It’s a story that will take a very long time to get old. The problem is that the story must also contain a logical plot, and this is where all the magic, in my opinion, fades away. During most of the film, all the characters are looking for a certain bad guy, and the lengths they go through are beyond me. While they’re ripping up the streets causing mayhem, the same bad guy appears dead center on the screen. Yet, attention isn’t fully focused on capturing this person, but rather getting away from them. Plain and simple, it doesn’t add up. They would rather wait and let the antagonist set up in his own backyard than fail at a predictable attempt to capture him. This happens on multiple occasions and ruins the potentially great scenes containing it.
Acknowledging that the film is self-aware doesn’t give you the excuse to do anything you want in the making and then expect everyone to buy it. There’s a brilliantly choreographed fight scene in the genesis with Dwayne Johnson and Jason Statham, but after a short while, it became unwatchable. Their talent is wasted by not paying attention to the real condition of the human body. Unless you’re related to Superman, an individual can only be pounded in the face, body slammed through walls and tables, cut up, and pulverized so many times before they can’t stand anymore. To top it, there wasn’t enough blood to support this scene. It takes the stakes away from the danger at hand. Yes, Statham’s presence in the film was intimidating. He came off as the perfect badass, but is treated like he has 100 lives stuffed away in his pocket.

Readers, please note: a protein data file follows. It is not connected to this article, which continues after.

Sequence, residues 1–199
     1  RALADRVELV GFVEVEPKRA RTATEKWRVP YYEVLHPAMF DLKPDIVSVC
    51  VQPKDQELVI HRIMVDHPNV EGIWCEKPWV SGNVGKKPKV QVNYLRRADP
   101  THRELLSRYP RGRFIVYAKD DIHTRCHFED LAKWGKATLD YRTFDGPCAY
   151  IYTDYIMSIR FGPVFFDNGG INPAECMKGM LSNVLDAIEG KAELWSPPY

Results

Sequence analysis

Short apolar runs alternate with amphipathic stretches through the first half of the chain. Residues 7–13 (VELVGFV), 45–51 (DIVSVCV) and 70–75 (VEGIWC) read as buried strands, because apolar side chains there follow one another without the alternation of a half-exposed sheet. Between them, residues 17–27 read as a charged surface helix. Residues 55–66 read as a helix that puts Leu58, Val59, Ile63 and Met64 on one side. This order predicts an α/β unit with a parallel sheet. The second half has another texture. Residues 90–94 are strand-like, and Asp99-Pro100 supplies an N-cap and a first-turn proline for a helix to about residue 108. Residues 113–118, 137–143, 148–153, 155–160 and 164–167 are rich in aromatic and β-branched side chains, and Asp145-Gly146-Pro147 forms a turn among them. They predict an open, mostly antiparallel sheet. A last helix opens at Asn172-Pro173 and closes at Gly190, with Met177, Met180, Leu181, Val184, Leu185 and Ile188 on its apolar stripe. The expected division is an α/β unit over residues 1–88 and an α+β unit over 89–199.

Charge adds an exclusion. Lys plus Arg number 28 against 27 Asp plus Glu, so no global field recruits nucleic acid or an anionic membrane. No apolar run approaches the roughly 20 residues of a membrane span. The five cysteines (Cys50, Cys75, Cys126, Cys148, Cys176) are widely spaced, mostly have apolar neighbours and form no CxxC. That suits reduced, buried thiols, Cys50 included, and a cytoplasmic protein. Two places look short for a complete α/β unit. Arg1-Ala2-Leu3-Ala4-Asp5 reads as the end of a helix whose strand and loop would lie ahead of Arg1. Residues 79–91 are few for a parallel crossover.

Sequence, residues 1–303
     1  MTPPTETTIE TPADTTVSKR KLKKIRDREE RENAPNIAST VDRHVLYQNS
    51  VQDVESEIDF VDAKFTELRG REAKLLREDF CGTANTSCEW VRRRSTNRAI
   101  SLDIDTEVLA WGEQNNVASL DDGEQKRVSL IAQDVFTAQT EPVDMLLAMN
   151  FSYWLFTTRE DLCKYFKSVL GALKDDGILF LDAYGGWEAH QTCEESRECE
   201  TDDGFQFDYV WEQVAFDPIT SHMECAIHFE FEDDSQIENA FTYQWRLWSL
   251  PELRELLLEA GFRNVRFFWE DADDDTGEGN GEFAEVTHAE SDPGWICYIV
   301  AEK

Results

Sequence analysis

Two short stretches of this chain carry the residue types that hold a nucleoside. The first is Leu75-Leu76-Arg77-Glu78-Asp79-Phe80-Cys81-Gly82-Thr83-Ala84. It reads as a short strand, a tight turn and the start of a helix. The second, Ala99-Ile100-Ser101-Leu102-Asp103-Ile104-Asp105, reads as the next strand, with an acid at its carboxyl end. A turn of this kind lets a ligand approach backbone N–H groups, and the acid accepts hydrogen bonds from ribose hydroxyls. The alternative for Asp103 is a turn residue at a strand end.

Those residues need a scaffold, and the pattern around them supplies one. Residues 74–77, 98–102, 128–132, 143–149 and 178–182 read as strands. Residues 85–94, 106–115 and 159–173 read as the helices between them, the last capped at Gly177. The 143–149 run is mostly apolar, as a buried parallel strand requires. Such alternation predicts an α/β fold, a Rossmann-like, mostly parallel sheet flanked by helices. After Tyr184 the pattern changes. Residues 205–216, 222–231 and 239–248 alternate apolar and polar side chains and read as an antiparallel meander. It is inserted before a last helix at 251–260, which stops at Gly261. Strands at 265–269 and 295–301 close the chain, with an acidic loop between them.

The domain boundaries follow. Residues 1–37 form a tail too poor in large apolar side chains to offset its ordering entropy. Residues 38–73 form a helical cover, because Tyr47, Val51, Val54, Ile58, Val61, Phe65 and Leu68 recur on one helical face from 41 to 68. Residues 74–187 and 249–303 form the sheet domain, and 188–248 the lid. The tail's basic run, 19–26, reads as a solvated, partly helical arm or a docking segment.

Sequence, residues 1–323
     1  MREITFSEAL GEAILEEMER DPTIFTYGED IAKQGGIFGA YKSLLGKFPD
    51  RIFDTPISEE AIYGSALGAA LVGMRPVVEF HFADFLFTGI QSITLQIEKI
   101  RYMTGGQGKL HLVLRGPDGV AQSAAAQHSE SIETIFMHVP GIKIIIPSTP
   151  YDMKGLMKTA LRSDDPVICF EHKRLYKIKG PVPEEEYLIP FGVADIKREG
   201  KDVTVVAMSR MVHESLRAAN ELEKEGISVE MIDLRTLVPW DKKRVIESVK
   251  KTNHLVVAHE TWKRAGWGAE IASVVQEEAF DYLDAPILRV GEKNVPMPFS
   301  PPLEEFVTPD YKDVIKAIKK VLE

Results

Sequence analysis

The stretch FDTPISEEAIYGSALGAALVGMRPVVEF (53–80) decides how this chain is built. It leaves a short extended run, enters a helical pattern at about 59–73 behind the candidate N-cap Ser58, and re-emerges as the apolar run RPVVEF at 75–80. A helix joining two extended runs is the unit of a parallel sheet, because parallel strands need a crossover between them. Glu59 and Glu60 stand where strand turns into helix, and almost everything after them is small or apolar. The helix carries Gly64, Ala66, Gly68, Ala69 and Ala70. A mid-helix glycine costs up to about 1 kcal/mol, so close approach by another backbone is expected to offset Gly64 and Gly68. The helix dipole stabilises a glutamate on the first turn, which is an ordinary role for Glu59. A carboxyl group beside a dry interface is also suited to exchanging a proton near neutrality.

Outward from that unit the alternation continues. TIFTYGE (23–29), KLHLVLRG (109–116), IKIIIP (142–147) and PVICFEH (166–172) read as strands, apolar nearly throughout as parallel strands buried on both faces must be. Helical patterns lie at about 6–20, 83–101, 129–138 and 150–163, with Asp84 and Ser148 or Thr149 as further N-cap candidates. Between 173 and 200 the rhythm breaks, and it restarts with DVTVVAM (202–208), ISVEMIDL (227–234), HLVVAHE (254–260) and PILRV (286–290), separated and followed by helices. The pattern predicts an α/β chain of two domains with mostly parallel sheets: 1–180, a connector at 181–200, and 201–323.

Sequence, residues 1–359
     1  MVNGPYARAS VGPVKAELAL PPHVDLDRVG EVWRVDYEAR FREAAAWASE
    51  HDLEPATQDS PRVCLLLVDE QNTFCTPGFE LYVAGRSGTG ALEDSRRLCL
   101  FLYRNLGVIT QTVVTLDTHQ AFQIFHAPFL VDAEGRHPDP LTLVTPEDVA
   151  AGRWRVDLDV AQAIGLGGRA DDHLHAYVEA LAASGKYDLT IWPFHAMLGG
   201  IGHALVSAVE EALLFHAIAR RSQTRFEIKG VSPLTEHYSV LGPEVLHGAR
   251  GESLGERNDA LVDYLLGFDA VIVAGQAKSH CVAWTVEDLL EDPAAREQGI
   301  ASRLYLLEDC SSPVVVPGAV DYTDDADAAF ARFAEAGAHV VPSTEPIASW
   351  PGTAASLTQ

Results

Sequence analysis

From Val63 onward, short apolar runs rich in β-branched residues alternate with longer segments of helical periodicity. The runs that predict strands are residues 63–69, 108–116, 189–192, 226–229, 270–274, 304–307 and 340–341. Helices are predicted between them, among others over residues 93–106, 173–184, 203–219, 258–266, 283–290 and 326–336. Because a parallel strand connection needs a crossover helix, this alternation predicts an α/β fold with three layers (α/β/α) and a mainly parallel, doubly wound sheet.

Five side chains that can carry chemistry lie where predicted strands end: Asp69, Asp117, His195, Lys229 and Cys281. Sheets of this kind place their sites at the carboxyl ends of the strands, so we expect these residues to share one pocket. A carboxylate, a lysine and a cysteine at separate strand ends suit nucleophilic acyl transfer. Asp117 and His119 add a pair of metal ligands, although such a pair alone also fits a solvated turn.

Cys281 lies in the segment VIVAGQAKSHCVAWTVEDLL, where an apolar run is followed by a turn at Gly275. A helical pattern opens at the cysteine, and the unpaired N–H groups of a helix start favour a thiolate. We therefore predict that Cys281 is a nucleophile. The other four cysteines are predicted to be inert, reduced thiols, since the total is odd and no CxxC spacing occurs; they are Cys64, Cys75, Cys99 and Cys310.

This isn’t the only fight scene that’s botched—they all are, sadly. It’s clear as day that most of the cast are street racers and ex-cops who fight on the street level, with a little more bang for their buck. They’re definitely not assassin-level world warriors, but they’re able to withstand blows from the best martial artists in media and survive a four-against-one battle. This is just another example of no stakes, and clocks me out of the film.